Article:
Etymology
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ledge (n.)
late 13c., "crossbar on a door," perhaps [OED] from the Middle English verb leggen "to place, lay" (see lay (v.), and compare ledger). Others suggest a Scandinavian source cognate with Swedish lagg "the rim of a cask." Sense of "narrow shelf" is first recorded 1550s; that of "shelf-like projection of rock" is from 1550s.
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decant (v.)

1630s, "pour off gently the clear liquid from a solution by tipping the vessel," originally an alchemical term, from French décanter, perhaps from Medieval Latin decanthare "to pour from the edge of a vessel," from de- "off, away" (see de-) + Medieval Latin canthus "corner, lip of a jug," from Latin cantus, canthus "iron rim around a carriage wheel" (see cant (n.2)). Related: Decanted; decanting.

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dowel (n.)

 early 14c., doule, dule "wooden rim or section of a wheel," perhaps akin to Middle Low German dovel "plug, tap" (of a cask). Modern meaning "wooden or metallic pin or tenon used for holding two pieces of wood together" is by 1794. As a verb, "to fasten together by pins inserted in the edges," 1713.

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pulley (n.)

simple machine consisting of a wheel with a grooved rim for carrying a rope or other line and turning in a frame, used for raising a weight, late 13c., puli, from Old French polie, pulie "pulley, windlass" (12c.) and directly from Medieval Latin poliva, puliva, which according to Barnhart and Klein is probably from Medieval Greek *polidia, plural of *polidion "little pivot," diminutive of Greek polos "pivot, axis" (see pole (n.2)). As a verb from 1590s.

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*re- 

*rē-, Proto-Indo-European root meaning "to reason, count;" a variant of PIE root *ar-, also arə-, "to fit together." 

It forms all or part of: Alfred; arraign; arithmetic; Conrad; dread; Eldred; Ethelred; hatred; hundred; kindred; logarithm; Ralph; rate (n.) "estimated value or worth;" rathskeller; ratify; ratio; ration; read; reason; rede; rhyme; riddle (n.1) "word-game;" rite; ritual.

It is the hypothetical source of/evidence for its existence is provided by: Sanskrit radh- "to succeed, accomplish;" Greek arithmos "number, amount;" Latin reri "to consider, confirm, ratify," ritus "rite, religious custom;" Old Church Slavonic raditi "to take thought, attend to;" Old Irish im-radim "to deliberate, consider;" Old English rædan "to advise, counsel, persuade; read;" Old English, Old High German rim "number;" Old Irish rim "number," dorimu "I count."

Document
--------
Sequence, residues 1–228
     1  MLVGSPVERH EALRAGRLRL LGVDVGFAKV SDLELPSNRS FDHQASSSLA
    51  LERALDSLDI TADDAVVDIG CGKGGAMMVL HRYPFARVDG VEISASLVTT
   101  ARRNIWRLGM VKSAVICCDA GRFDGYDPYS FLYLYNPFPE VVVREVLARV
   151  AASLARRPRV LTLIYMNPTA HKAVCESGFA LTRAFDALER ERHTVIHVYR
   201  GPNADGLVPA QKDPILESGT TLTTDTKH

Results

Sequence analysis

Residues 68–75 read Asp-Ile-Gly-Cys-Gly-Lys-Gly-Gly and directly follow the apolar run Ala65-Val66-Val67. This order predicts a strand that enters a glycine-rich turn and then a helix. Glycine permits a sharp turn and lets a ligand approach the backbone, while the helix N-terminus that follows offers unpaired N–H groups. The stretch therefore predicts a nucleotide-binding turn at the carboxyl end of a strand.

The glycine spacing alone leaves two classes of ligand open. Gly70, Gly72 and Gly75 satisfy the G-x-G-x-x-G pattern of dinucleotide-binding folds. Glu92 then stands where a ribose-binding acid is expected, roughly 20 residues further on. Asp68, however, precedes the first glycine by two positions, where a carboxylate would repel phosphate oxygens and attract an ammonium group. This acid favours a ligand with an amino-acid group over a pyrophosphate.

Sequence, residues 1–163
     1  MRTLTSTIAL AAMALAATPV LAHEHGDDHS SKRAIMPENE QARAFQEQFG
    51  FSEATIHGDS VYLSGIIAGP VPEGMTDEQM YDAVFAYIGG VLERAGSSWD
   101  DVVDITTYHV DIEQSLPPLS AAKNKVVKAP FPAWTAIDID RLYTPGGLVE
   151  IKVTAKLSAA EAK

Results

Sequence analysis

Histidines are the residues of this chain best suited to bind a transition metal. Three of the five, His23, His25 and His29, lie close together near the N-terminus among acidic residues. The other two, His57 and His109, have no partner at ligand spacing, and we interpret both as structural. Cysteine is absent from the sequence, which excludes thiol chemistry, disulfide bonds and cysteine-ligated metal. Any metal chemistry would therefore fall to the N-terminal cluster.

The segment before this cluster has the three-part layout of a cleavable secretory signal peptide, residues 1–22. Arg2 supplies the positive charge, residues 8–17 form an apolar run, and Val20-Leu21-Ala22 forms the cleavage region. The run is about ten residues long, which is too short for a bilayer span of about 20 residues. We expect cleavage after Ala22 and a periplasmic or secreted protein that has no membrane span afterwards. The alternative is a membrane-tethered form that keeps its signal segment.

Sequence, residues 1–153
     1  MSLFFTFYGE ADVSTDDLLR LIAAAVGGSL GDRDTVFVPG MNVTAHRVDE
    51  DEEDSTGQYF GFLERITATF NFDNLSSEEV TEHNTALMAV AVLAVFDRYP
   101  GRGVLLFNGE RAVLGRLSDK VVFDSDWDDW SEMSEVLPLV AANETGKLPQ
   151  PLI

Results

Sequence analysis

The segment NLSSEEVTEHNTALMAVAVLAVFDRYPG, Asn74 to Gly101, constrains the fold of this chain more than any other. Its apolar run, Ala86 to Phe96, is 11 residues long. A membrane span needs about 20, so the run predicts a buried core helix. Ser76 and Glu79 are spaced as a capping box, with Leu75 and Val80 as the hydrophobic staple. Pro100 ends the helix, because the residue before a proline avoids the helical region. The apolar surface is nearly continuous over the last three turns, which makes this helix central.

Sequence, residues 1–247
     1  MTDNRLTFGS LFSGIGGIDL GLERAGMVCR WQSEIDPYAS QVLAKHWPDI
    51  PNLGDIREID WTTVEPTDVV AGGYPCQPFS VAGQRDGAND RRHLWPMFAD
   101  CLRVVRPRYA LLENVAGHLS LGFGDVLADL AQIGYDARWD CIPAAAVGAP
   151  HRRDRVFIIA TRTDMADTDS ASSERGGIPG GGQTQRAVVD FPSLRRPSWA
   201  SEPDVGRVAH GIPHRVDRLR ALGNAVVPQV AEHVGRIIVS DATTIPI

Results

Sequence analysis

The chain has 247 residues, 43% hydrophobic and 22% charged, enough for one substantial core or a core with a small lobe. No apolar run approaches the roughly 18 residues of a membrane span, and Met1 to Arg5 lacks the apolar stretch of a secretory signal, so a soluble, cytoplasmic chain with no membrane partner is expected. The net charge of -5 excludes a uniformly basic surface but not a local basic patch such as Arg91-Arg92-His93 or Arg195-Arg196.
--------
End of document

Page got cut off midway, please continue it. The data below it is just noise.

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tray (n.)
Old English treg, trig "flat wooden board with a low rim," from Proto-Germanic *traujam (source also of Old Swedish tro, a corn measure), from PIE *drou-, variant of root *deru- "be firm, solid, steadfast," with specialized senses "wood, tree" and derivatives referring to objects made of wood. The primary sense may have been "wooden vessel."
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tire (n.)
late 15c., "iron plates forming a rim of a carriage wheel," probably from tire "equipment, dress, covering" (c. 1300), a shortened form of attire (n.). The notion is of the tire as the dressing of the wheel. The original spelling was tyre, which had shifted to tire in 17c.-18c., but since early 19c. tyre has been revived in Great Britain and become standard there. Rubber ones, for bicycles (later automobiles) are from 1877. A tire-iron originally was one of the iron plates; as a device for separating a tire from a wheel, by 1909.
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daylight (n.)

c. 1300 (as two words from mid-12c., daies liht), "the light of day," from day + light (n.); its figurative sense of "clearly visible open space between two things" (1820) has been used in references to boats in a race, U.S. football running backs avoiding opposing tackles, a rider and a saddle, and the rim of a glass and the surface of the liquor. The (living) daylights that you beat or scare out of someone were originally slang for "the eyes" (1752), extended figuratively to the vital senses. Daylight-saving is attested by 1908.

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share (n.1)
"portion," Old English scearu "a cutting, shearing, tonsure; a part or division," related to sceran "to cut," from Proto-Germanic *skeraz (source also of Old High German scara "troop, share of forced labor," German Schar "troop, band," properly "a part of an army," Old Norse skör "rim"), from PIE root *sker- (1) "to cut."

Meaning "part of the capital of a joint stock company" is first attested c. 1600. Share and share alike attested from 1560s. The same Old English noun in the sense "division" led to an obsolete noun share "fork ('division') of the body at the groin; pubic region" (late Old English and Middle English); hence share-bone "pubis" (early 15c.).
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margin (n.)

mid-14c., "edge of a sea or lake;" late 14c., of a written or printed paper, "space between a block of text and the edge of a leaf or sheet;" from Old French margin and directly from Latin marginem (nominative margo) "edge, brink, border, margin," from PIE root *merg- "boundary, border."

The general sense of "bordering space, boundary space, rim or edge" is from late 14c. Meaning "comfort allowance, cushion, scope, range, provision for enlarged or extended action" is by 1851; margin of error is attested by 1889. Stock market sense of "sum deposited with a broker to cover risk of loss" is from 1848. Related: Margins.

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